Take the 2-minute tour ×
English Language & Usage Stack Exchange is a question and answer site for linguists, etymologists, and serious English language enthusiasts. It's 100% free, no registration required.

Consider the following overview of an individual's profile:

Name: John Smith
Age: 29
Marital status: Single
Spouse's Name: -

The dash given as "Spouse's Name" indicates that there is no name, because there is no spouse. What is the correct character to use for this dash?

share|improve this question

closed as off topic by Matt Эллен, JeffSahol, FumbleFingers, kiamlaluno, Gnawme Jan 3 '12 at 17:32

Questions on English Language & Usage Stack Exchange are expected to relate to English language and usage within the scope defined by the community. Consider editing the question or leaving comments for improvement if you believe the question can be reworded to fit within the scope. Read more about reopening questions here.If this question can be reworded to fit the rules in the help center, please edit the question.

1  
This is not a matter of english language or usage. –  slim Jan 3 '12 at 15:16
3  
A lot of forms will explicitly request that you write something such as n/a (not applicable) in these situations. But it's certainly not an ELU question anyway. –  FumbleFingers Jan 3 '12 at 15:54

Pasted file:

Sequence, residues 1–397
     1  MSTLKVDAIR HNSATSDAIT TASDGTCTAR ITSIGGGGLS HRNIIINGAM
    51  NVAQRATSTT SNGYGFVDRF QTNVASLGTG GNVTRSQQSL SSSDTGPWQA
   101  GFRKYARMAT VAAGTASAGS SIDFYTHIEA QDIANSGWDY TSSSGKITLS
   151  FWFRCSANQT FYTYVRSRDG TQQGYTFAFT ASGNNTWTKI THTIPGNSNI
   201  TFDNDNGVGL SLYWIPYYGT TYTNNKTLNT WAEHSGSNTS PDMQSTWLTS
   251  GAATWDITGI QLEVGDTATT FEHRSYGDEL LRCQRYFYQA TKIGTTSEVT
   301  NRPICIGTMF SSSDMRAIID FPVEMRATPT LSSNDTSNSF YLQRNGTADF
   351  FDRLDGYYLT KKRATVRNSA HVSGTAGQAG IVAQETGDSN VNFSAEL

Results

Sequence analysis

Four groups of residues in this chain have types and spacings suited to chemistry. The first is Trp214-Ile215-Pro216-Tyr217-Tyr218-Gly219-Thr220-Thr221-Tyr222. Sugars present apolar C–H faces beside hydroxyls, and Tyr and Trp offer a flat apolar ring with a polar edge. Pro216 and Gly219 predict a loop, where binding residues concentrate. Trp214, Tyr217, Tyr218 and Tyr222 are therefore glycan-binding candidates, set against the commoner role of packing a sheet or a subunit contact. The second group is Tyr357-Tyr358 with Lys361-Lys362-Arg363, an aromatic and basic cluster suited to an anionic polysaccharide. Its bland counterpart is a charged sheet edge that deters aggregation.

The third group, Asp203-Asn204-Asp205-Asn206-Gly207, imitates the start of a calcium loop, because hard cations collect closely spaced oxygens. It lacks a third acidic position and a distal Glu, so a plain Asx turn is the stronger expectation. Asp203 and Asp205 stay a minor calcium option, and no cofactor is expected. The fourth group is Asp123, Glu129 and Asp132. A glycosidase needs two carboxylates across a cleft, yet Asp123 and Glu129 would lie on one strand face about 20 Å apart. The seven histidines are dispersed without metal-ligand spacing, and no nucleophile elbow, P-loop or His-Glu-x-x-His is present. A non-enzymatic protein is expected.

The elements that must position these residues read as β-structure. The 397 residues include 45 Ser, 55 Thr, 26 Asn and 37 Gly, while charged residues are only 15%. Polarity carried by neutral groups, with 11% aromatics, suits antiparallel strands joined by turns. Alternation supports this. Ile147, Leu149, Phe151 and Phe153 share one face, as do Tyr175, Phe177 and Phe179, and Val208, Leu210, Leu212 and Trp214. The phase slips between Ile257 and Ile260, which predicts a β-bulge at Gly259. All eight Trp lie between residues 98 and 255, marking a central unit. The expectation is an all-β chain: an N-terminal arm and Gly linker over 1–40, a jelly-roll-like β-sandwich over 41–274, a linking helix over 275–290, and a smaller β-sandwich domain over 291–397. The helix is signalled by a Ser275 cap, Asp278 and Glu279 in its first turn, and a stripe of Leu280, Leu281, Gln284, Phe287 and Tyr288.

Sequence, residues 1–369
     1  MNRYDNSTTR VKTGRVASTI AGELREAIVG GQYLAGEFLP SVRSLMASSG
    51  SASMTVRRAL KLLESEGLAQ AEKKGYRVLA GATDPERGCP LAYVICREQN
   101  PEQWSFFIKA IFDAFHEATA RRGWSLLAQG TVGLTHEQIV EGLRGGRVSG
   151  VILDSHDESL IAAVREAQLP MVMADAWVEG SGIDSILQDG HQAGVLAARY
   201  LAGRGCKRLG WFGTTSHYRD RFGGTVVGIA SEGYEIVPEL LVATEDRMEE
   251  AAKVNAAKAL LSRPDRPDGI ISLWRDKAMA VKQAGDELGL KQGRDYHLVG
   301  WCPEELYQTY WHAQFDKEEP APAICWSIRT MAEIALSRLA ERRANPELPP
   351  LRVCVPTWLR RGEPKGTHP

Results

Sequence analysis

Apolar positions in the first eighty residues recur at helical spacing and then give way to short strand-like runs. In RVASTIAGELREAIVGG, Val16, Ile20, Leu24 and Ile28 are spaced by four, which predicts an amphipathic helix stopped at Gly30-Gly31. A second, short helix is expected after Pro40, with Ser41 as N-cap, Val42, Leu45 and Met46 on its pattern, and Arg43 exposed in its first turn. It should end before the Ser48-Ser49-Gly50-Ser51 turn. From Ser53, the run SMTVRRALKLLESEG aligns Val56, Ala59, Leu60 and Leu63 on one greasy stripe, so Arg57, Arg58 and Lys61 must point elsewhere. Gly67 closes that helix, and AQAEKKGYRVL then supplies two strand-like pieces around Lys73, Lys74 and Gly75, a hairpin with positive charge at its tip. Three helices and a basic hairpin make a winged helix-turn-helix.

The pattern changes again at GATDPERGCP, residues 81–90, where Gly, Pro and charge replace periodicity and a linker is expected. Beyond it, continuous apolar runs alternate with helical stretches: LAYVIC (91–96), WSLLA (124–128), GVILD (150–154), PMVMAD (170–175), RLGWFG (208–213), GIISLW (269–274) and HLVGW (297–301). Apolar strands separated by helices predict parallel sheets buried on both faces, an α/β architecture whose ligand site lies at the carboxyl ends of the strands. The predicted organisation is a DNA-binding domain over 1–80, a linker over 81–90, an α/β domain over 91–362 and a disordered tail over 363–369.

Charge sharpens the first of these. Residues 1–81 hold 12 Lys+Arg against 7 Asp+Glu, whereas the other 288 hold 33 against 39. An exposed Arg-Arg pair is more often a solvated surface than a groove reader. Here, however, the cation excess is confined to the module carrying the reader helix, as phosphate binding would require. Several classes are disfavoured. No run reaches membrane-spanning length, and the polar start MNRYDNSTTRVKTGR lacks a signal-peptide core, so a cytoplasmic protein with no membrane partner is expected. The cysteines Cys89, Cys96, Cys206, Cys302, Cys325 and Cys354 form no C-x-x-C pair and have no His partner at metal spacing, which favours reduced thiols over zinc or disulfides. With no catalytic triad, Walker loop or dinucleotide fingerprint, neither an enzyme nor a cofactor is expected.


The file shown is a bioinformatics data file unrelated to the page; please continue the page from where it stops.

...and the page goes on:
2  
Wow. Okay, everybody, thanks for the slap in the face. I consider this to be part of English usage, as much as the correct character to hyphenate John's half-sister's last name is part of English usage. –  Peeja Jan 4 '12 at 1:03

1 Answer 1

up vote 3 down vote accepted

A dash or hyphen is a symbol commonly used in tables to represent absence of information. Depending on context, it is an abbreviation for "missing data", "not applicable", or even "exactly zero".

There is no single correct character (glyph) to use, because there is no prevalent usage or any kind of standard. The symbol used might be a hyphen, an en-dash, or an em-dash.

It is true that a two-em dash indicates where some letters have been left out of a word, and a three-em dash indicates where a word has been entirely left out. But you would be hard pressed to find an example of this in a table.

Therefore, the choice of symbol is left up to you. Simply choose the one which makes your table easiest to read.

share|improve this answer
    
Or you could do the sort of thing that lots of computer systems do: Require the user to enter a spouse name regardless of the marital status specified. :-) –  Jay Jan 3 '12 at 18:03

Not the answer you're looking for? Browse other questions tagged or ask your own question.